Donald Trump faces scrutiny over Second Amendment flap

By Monique Jones

The Birmingham Times

Republican presidential candidate Donald Trump speaks during a campaign rally at Crown Arena, Tuesday, Aug. 9, 2016, in Fayetteville, N.C. (AP Photo/Evan Vucci)
Republican presidential candidate Donald Trump speaks during a campaign rally at Crown Arena, Tuesday, Aug. 9, 2016, in Fayetteville, N.C. (AP Photo/Evan Vucci)

Republican presidential nominee Donald Trump is defending recent comments once again. This time, Trump is blaming the media for spinning his statements out of control.

During a North Carolina rally Tuesday, Trump told supporters that Democratic presidential nominee Hillary Clinton plans to take away the Second Amendment right to bear arms. Then he insinuated what many have taken to believe to be a veiled threat at possible assassination. “Hillary wants to…essentially abolish the Second Amendment,” he said. “…If she gets to pick her judges, [there’s] nothing you can do, folks. Although the Second Amendment people, maybe there is, I don’t know.”

Clinton campaign manager Robby Mook issued a brief statement about Trump’s comments. “This is simple,” he wrote. “[W]hat Trump is saying is dangerous. A person seeking to be President of the United States should not suggest violence in any way.” In an unprecedented move, the Secret Service took to its Twitter page to write the following statement: “The Secret Service is aware of the comments made earlier this afternoon.”

Trump, meanwhile, has brushed off such concerns. During a Fox News interview with Sean Hannity, Trump agreed with Hannity’s assumption that Trump’s statement was merely a way to get those who hold the Second Amendment dear to vote for him in November.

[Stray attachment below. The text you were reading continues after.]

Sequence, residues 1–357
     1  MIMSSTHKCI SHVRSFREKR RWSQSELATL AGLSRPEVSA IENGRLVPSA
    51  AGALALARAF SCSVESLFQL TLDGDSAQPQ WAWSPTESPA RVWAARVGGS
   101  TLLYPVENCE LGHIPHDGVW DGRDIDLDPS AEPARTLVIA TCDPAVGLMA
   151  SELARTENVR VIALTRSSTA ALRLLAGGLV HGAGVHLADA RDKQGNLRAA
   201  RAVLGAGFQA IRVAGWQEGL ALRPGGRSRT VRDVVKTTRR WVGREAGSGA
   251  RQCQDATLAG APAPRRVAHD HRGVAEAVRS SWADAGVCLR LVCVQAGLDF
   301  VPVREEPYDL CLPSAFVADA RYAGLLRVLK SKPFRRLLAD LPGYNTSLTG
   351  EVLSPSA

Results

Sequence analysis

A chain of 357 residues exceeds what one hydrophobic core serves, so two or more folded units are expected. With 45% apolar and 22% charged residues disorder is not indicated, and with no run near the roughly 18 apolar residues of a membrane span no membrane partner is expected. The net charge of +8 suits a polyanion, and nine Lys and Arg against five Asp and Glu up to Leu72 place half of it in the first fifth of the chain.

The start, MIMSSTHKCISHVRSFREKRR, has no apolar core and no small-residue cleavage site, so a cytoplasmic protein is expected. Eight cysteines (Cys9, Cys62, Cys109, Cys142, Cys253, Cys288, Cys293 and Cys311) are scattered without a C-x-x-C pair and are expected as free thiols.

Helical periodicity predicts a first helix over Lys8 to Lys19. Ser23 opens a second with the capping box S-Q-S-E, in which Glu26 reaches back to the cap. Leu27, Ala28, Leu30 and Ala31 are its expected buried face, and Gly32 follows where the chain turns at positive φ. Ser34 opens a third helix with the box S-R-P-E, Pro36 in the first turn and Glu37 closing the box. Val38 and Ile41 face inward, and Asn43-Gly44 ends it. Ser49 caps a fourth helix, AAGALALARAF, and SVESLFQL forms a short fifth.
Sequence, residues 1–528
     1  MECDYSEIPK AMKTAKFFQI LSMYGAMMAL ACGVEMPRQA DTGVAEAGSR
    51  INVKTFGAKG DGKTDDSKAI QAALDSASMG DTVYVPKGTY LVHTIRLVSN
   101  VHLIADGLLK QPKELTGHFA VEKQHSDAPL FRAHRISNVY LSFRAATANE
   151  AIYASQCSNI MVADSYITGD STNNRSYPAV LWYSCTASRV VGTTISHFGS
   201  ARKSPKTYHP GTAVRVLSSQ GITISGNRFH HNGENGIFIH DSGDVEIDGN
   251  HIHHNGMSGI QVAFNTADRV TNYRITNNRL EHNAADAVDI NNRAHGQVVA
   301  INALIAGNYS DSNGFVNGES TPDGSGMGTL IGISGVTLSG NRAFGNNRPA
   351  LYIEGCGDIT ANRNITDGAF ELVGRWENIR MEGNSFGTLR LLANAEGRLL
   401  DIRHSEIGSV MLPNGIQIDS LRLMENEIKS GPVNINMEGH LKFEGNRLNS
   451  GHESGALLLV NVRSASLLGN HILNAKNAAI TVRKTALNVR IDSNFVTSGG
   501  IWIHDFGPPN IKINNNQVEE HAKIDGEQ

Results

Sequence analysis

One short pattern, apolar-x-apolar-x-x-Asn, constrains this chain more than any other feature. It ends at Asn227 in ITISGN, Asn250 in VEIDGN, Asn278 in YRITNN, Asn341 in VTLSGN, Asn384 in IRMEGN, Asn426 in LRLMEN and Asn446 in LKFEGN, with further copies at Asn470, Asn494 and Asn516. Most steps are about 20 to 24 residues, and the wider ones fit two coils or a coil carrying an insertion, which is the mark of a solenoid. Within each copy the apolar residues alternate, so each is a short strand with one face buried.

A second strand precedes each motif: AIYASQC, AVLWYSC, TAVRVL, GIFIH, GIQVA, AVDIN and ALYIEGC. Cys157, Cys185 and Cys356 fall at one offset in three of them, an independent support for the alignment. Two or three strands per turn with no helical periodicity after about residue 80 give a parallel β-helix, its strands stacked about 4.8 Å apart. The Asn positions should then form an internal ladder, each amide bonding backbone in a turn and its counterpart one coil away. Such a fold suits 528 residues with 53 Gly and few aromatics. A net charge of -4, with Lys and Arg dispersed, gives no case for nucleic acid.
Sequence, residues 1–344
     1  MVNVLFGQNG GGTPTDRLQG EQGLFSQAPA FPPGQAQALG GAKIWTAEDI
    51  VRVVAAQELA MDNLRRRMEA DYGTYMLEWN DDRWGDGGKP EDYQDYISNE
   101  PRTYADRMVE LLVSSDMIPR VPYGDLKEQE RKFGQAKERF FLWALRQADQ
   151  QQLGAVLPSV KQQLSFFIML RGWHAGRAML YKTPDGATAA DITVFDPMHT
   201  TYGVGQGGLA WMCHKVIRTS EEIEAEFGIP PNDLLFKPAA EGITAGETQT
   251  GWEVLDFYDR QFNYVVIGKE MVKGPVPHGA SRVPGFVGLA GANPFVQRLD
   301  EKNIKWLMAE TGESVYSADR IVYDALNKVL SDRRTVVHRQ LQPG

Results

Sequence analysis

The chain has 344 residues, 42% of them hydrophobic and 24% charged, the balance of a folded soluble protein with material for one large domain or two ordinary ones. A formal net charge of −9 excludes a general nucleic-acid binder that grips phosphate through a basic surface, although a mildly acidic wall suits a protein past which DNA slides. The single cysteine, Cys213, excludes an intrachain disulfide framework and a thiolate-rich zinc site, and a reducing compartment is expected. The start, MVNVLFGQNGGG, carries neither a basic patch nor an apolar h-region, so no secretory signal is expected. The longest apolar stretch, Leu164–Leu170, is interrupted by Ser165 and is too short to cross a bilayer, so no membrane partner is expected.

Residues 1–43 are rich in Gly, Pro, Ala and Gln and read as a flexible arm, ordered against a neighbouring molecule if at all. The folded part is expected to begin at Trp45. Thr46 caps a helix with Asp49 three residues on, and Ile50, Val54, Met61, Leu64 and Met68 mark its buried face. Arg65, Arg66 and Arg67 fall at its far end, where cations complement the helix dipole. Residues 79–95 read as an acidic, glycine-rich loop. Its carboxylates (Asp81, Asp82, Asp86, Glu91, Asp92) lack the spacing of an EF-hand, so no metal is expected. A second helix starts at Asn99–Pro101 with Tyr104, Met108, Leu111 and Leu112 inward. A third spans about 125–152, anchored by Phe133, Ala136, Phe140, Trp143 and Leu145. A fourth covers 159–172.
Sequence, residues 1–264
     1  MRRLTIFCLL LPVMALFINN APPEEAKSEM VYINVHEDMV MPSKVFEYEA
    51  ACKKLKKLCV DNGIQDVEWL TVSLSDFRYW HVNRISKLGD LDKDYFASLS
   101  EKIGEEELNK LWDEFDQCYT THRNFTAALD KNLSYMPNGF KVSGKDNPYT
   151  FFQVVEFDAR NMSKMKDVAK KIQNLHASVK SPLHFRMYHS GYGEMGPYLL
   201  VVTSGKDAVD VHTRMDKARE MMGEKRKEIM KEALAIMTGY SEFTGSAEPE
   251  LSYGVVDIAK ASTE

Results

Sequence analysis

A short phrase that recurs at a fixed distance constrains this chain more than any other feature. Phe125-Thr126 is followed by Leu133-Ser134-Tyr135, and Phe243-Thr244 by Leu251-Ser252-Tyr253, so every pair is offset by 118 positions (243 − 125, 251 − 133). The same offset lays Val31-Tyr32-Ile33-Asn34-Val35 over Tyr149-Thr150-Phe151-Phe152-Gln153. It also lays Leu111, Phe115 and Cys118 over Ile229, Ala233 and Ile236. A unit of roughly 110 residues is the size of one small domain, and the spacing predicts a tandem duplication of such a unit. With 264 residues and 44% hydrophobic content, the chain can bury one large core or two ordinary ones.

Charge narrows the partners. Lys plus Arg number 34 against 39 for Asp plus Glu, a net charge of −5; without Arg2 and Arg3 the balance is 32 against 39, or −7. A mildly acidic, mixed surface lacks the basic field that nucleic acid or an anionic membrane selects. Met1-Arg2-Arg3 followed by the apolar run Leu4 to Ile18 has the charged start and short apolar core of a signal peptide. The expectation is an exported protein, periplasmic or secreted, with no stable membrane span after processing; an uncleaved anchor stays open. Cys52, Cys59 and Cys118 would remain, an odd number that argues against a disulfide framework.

“It was amazing because nobody in that room thought anything other than what you just said,” said Trump. “…I mean, give me a break…What it is, is there’s a tremendous power behind the Second Amendment. It’s a political power and…there are few things so powerful, I have to say, in terms of politics.”

However, a former Secret Service official told TIME that Trump’s comments could be considered a “veiled threat” and if it were them, they would have a conversation with someone from Trump’s campaign to see if the candidate actually understands the consequences his words can have.

“Look, this guy is coming close to the edge,” they said, also telling TIME that the Secret Service should consider interviewing Trump about his statement. Interviewing individuals who have made such statements threatening a public official are part of Secret Service protocol.

Trump’s statement has led to several journalists urging those in their field to get even tougher on Trump and his campaign. Former news anchor Dan Rather wrote a statement on his Facebook page. “To anyone who still pretends this is a normal election of Republican against Democrat, history is watching,” he wrote. “And I suspect its verdict will be harsh.”

MSNBC’s Joe Scarborough wrote an op-ed for The Washington Post begging the GOP to “dump Trump.” Scarborough stated that the Secret Service should certainly interview Trump about his statement and that House Speaker Paul Ryan and other prominent GOP leaders should denounce Trump, revoke their endorsements, and seek options to remove him as the nominee. “A bloody line has been crossed that cannot be ignored,” he wrote. “At long last, Donald Trump has left the Republican Party few options but to act decisively and get this political train wreck off the tracks before something terrible happens.”